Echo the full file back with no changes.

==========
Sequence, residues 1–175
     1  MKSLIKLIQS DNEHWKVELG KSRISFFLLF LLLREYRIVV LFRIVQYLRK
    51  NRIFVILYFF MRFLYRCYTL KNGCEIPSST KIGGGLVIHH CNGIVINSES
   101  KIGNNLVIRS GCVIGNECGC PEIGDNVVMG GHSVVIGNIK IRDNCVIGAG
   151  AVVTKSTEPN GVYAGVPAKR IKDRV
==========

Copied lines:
Sequence, residues 1–175
     1  MKSLIKLIQS DNEHWKVELG KSRISFFLLF LLLREYRIVV LFRIVQYLRK
    51  NRIFVILYFF MRFLYRCYTL KNGCEIPSST KIGGGLVIHH CNGIVINSES
   101  KIGNNLVIRS GCVIGNECGC PEIGDNVVMG GHSVVIGNIK IRDNCVIGAG
   151  AVVTKSTEPN GVYAGVPAKR IKDRV